"In whom we have redemption through his blood, even the forgiveness of our sins, according to the riches of his grace"." The sufferings of Christ are the meritorious cause of pardon, and his own glory is the ultimate end which God proposes to himself, when he bestows this distinguishing blessing. “God, (saith the Apostle) for Christ's sake, hath forgiven you." "I, even I, am he that blotteth out thy transgressions for mine own sake, and will not bemember thy sins".

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"Thus the Divine mercy, disdaining all limits, is overflowing and immeasurable. Sin, indeed, abounds like a flood; but grace like an ocean, to drown the crimes of the most impious soul, that returns, with weeping and supplication, with genuine faith and repentance, unto God. The favour of man is generally backward to interpose, till something amiable and inviting appears in the object. But the grace of God is immensely rich, and infinitely free. It encourages the most vile and hardened rebels to return to their

allegiance to God. It brings every requisite and recommendation in its own unspeakably beneficent nature. It accomplishes all its blessed ends, not by any towardly disposition in the sinner, but by that one glorious righteousness provided by the Saviour."

3. This forgiveness is everlasting, which is necessary to crown a complete pardon suited to the condition of guilty creatures; for, if all their trespasses were not entirely forgiven, and that for ever, what sure ground could they have for peace of conscience here? what joyful hope of glory hereafter? Happily, the continuance of a truly contrite soul in a pardoned state does not depend upon the perfection of his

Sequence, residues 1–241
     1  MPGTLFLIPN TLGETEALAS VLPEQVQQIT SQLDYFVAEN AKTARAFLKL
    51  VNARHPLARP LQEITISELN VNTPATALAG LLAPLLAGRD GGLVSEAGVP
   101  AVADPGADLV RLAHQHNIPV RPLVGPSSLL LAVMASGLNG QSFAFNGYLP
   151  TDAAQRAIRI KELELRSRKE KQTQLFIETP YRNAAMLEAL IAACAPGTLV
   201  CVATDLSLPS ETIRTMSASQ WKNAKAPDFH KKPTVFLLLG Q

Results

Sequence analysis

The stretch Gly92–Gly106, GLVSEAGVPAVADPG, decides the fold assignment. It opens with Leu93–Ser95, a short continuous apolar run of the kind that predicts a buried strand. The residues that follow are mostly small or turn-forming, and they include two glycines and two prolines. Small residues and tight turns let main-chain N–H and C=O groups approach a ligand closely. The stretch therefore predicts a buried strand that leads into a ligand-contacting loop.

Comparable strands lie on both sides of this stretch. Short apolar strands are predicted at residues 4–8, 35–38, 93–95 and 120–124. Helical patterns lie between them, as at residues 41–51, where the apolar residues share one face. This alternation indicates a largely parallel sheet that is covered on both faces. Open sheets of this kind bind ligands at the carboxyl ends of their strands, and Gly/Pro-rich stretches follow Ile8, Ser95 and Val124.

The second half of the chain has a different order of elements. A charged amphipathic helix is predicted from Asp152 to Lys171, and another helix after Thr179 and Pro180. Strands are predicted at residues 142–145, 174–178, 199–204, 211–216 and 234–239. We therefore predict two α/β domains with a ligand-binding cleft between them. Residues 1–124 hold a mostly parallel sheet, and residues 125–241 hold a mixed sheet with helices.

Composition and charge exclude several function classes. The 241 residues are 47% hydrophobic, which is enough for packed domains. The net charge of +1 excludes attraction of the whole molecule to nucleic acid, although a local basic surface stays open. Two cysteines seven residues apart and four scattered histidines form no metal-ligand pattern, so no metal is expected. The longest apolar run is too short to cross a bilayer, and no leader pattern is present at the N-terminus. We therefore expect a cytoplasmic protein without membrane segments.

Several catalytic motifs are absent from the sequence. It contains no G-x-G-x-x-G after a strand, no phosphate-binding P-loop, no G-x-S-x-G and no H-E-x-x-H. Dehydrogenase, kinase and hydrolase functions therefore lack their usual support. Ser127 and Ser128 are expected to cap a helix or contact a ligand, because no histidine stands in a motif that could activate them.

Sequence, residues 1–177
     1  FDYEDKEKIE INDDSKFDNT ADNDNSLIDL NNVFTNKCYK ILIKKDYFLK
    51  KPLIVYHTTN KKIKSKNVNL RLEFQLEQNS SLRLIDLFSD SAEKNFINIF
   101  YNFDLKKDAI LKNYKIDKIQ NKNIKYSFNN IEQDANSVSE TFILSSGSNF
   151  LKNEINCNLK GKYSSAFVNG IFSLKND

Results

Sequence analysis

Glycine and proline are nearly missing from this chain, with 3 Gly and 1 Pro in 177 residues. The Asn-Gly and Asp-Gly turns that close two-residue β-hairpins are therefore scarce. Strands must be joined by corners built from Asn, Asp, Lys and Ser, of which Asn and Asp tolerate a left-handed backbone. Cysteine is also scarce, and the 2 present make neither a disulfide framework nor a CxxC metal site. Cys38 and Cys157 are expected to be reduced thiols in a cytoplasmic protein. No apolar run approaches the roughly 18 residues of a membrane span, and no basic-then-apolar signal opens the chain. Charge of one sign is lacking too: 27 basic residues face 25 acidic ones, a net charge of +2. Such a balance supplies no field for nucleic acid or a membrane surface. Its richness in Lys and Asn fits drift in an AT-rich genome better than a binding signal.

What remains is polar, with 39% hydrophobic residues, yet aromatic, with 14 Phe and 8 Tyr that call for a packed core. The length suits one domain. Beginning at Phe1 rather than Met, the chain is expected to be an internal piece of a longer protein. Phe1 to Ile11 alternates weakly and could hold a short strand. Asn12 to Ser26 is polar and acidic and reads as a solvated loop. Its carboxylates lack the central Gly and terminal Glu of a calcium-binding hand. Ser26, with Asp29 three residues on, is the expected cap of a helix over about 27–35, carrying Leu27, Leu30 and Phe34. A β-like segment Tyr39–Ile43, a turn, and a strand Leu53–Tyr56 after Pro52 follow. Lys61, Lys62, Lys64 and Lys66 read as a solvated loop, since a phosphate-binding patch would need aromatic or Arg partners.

Eph. i. 7.

v ib. iv. 32.

* Isa. xliii. 25.

own obedience, (for, if it did, he would soon forfeit the blessing, since he is liable to fall every moment,) but on the covenant of God, which secures the perpetuity of the Divine mercy towards its chosen objects. In the perpetual efficacy of Christ's atonement, and the inviolable fidelity of the eternal God, there is all possible security, that a full pardon, once granted, shall be as unalterably fixed as the oath and promise of Jehovah can make it".

The word of righteousness fully attests the cheering truth. Thus the Redeemer, the Holy One of Israel, addresses his Church and people :—“As I have sworn that the waters of Noah should no more go over the earth; so have I sworn that I would not be wroth with thee, nor rebuke thee. For the mountains shall depart, and the hills be removed; but my kindness shall not depart from thee, neither shall the covenant of my peace be removed, saith the Lord, that hath mercy on thee."

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The same doctrine is frequently insisted on by the Royal Psalinist. "Blessed is he whose transgression is forgiven, whose sin is covered. Blessed is the man unto whom the Lord imputeth not iniquity, and in whose spirit there is no guile." "As far as the east is from the west, so far hath he removed our transgressions from us.' Now, as the two opposite points of east and west cannot meet, so it may be fairly concluded, that the sins of the penitent shall never come against him, to his condemnation and punishment. Indeed, the same inspired penman assures us, that "the mercy of the Lord is from everlasting to everlasting upon them that fear him "." The new covenant guarantees the blessing in the

a Heb. vi. 13-20.
Psalm xxxii. 1, 2.

b Isa. liv. 9, 10.
d Psalm ciii. 17.



following joyful declaration :-"I will be merciful to their unrighteousness, and their sins and iniquities will I remember no more"."


The Prophet Micah thus expresses himself on the subject: Thou wilt cast all their sins into the depth of the sea." When a stone, or any ponderous substance, is thrown into the fathomless deep, it is impossible that all the art or power of man should ever recover it. If, then, this striking image of drowning the transgressions of the pardoned sinner in the ocean of sovereign mercy, does not intimate their entire removal and destruction, it will be difficult to find language that can convey such an idea.

But to represent the absolute nature of that forgiveness which is freely vouchsafed to believers for Christ's sake, God says, "The iniquity of Israel shall be sought for, and there shall be none; and the sins of Judah, and they shall not be found; for I will pardon them whom I reserve."